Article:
Primary school children from deprived parts of Sheffield are being taught Latin in an attempt to improve literacy standards. Chris Burn sits in for one of the lessons.
It is not every day you walk into a primary school to be greeted by a group of nine and 10-year-olds saying “Salve” – the Latin greeting meaning “Hello”. But Arbourthorne Community Primary School, which is located in one of the most deprived areas of Sheffield, has been participating in a pioneering new project to use Latin as a way of improving children’s literacy and cultural knowledge.
Sitting in on one of the weekly lessons provides an immediate insight into why.
More than 60 per cent of English words have Latin or Greek roots and at the start of the lesson, the selected group of keen Year 5 and 6 pupils come up with English derivations of the Latin words scribit (‘scribble’, ‘script’, ‘scribe’ and ‘scroll’ are among the suggestions), laborant (‘labour’, ‘laboratory’ and ‘laborious’) and spectat – with ‘spectate’, ‘spectacles’ and even ‘Specsavers’ put forward by the children.
The lesson progresses to learning the Latin names for body parts before the children come up with their own short plays in Latin about a visit to the doctor.
The primary school children have been taking weekly Latin lessons for the past 15 months and for the lesson visited by The Yorkshire Post, are being assisted by pupils from the independent Sheffield High School for Girls, which has come up with the scheme as part of its community outreach work.
Arbourthorne and its sister school Gleadless Primary School, which are members of the South Sheffield East Learning Partnership, have been taking part in the Latin Partnership Programme and there are hopes it could be rolled out to more schools that are in the wider partnership in the near future.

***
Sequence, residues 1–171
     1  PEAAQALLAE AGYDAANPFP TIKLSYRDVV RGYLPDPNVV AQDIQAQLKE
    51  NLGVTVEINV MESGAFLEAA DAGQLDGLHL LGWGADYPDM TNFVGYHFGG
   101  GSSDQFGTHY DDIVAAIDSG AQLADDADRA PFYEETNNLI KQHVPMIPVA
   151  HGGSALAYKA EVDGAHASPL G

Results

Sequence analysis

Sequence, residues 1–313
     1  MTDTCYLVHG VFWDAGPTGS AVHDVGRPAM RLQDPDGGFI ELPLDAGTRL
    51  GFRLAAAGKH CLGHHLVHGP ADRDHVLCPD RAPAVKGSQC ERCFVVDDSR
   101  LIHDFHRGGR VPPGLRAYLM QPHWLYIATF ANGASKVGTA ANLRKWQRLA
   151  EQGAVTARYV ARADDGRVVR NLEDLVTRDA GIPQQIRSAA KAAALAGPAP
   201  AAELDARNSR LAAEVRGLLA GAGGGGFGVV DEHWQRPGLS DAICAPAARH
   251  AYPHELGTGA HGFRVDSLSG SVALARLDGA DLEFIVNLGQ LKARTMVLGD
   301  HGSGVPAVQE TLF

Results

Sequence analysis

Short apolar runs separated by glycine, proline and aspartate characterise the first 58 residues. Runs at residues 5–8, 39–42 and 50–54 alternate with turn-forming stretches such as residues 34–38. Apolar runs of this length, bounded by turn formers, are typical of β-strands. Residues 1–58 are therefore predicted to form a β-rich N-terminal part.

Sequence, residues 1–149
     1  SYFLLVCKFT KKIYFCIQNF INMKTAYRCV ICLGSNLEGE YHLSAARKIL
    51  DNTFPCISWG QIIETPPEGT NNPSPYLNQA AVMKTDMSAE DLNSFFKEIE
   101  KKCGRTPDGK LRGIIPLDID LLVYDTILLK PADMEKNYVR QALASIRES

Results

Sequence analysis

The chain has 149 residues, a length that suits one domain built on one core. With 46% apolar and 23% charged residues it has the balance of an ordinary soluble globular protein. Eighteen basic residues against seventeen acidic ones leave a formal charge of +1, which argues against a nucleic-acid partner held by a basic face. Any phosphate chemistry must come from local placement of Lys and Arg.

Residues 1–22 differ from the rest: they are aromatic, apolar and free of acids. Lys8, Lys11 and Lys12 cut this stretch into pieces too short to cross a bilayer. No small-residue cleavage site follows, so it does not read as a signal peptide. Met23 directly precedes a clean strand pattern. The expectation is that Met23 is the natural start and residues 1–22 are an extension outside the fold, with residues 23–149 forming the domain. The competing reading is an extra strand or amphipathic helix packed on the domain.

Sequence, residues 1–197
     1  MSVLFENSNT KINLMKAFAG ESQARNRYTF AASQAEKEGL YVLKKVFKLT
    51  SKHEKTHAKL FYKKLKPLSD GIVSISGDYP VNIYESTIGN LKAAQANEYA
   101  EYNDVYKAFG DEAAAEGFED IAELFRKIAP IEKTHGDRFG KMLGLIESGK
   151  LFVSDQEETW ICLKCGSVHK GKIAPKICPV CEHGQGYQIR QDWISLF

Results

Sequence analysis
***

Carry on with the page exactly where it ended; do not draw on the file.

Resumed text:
The scheme started around two years ago with a 10-week pilot project led by Head of Classics at Sheffield Girls’ Emma Burne. The pilot saw selected pupils from the two primaries go to Sheffield Girls, where they learnt around 80 Latin words and their English derivatives through teaching them about classical myths and legends, as well as Roman culture and history. Burne says she was unsure about how it would go and some of the children were sceptical at first.
“There were some boys I was little bit worried about to start with. But within five minutes, their body language had changed,” she explains. “By week three, one boy was choosing to come to Latin instead of football. He ended up being the Big Bad Wolf in a play we did of the Three Little Pigs.
“I have always wanted to be a primary school teacher but didn’t want to lose my subject. I enjoy working with younger students who are so passionate, so interested, so motivated and engaged. They throw themselves into it and pick things up so quickly. I feel really passionate about targeting explaining the opportunities of the Classics and Latin and Greek. This age group is perfect for targeting those subjects.”
Vanessa Langley, Executive Headteacher at Arbourthorne and Gleadless Primary Schools, says the pilot proved a great success. “Our children learnt there are jobs which link to Latin – for example, science and medicine – and that they can widen and improve their vocabulary in English through the links to Latin. They enjoyed learning something new and different and were curious about language and historical events. Pupils attending the Latin lessons had a new enthusiasm and curiosity about languages; were keen to attend and share what they had learned, had an incredible retention of Latin words and that their confidence had been boosted. Expanding and enriching the children’s vocabulary in English was also a key success of the project.”
As part of the programme, teachers from Arbourthorne and Gleadless primary schools also attended in order to learn how they could deliver Latin lessons themselves. Liz Griggs, modern foreign languages teacher at Arbourthorne Primary School, has subsequently been leading lessons at her school since late 2017 but admits she knew “zilch” Latin before participating in the programme. “I wouldn’t profess to be a specialist in Latin but I am a languages teacher of 25 years standing and you develop a sufficient range of skills to teach it,” she explains. “I’m one step ahead of the children – just!”